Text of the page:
Tears at the Border

7 07 2010

I am not a super emotional person.  I never have been.  Every now and then, however, some memory, some sight, some smell, some thing, will sneak up on me, grab my heart and bring me to tears.  I usually hate it when this happens.  Well, hate may be too strong a word, but I do get really embarrassed.

Crossing state borders usually does not bring me to tears, but twice in my life I have cried crossing the Wisconsin state border.

At about 4:00 a.m. on July 21, 1996, with my car packed to the brim with all my worldly belongings it could hold, I followed my parents in their car holding more of my worldly belongings pulling a trailer overflowing with even more of my stuff as we cruised south down I94.  Since my folks live in southeastern Wisconsin, it didn’t take too long for us to reach the Wisconsin-Illinois border.  As I crossed the border into Illinois, I laughed.  Actually, it was more of a giggle.  The kind of giggle you let loose when you know you’re about to receive that one special Christmas present you’ve been wishing for all year.  Then I cried.

To say I was emotional was an understatement.  I had made the decision in January of that year to leave my home state and move to San Antonio.  I was in a low paying, fairly dead-end job that I didn’t enjoy, and I was absolutely sick of winter and being cold.  I wanted to move as far south as I could and still remain in the US.  I had a close college friend who had moved to San Antonio the year before, so without ever having been to the city, or the state of Texas for that matter, I decided that San Antonio would be my new home. 

I left everything I knew, everything I was comfortable with that July day in 1996, and cried tears of joy and excitement, and probably some tears of anxiety as well, as I crossed the Wisconsin border into Illinois.  I had no job waiting for me.  I had only gotten an apartment two weeks before.  I had no idea what God had in store for me, but I knew this is what I was supposed to be doing.  Little did I know that I would meet and marry my love in SATX as well as find my calling to be a teacher.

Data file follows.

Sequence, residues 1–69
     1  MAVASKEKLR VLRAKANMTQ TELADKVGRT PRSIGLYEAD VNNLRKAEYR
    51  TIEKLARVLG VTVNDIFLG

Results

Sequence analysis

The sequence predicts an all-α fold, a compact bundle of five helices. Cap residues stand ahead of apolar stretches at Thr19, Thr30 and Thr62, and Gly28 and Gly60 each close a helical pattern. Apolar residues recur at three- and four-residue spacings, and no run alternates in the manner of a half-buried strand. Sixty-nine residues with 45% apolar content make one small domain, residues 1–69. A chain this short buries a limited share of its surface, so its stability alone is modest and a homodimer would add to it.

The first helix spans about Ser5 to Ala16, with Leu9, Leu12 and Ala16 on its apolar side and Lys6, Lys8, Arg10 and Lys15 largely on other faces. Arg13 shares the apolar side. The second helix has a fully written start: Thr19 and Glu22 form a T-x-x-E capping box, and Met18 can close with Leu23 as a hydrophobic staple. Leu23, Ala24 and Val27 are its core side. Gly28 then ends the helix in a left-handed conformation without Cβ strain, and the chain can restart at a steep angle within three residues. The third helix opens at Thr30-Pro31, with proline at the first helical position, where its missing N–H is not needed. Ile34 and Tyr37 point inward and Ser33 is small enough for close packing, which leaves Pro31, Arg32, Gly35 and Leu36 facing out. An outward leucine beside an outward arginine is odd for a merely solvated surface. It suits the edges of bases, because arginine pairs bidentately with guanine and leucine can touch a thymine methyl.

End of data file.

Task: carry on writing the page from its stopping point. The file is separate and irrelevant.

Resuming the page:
The second time I cried crossing the Wisconsin state border was just a few days ago on July 3, 2010.  This time I was not heading away, but heading toward.  This time, though, I was in a van with my husband, two boys, and a dog.  I was so suddenly overcome with emotion as I crossed the Mississippi River from Wabasha, MN into Nelson, WI, I was really embarrassed.  I turned my head to the window and said a quick thank you to God that I had my sunglasses on so my husband wouldn’t see the tears.  I wasn’t even sure why I was crying.  Was I happy?  Sad?  Tired?  Regretful?  I finally settled on nostalgic.

Countless childhood memories overwhelmed my mind:  one week each summer spent at my Grandma Sobota’s house in Independence with my cousins as we played dentist, teacher, and Mass.  (Growing up Catholic, we played Mass.  I’ll explain that one in another post someday.)  Adulthood memories also flooded me:  riding my bike 15 miles every day after work on the amazing bike trail along the Chippewa River.  I almost laughed out loud when I remembered the summer after college where I was the team captain for a bar league sand volleyball team comprised of people I worked with, despite the fact that I stink at volleyball and I don’t drink.

So while I pondered my tears this time, at first thinking I was simply remembering the “good ole days,” I now think maybe there might have been some tears of regret mixed in; regret at having wasted the time and opportunities my youth offered in this beautiful place.  I want my children to experience all the amazing things I did as a child.  I want them to see the beauty of the state I couldn’t wait to leave 14 years ago but now return to with longing.  I took Wisconsin for granted each of the 23 years I lived there before venturing south in 1996.  I vow not to make that mistake again.

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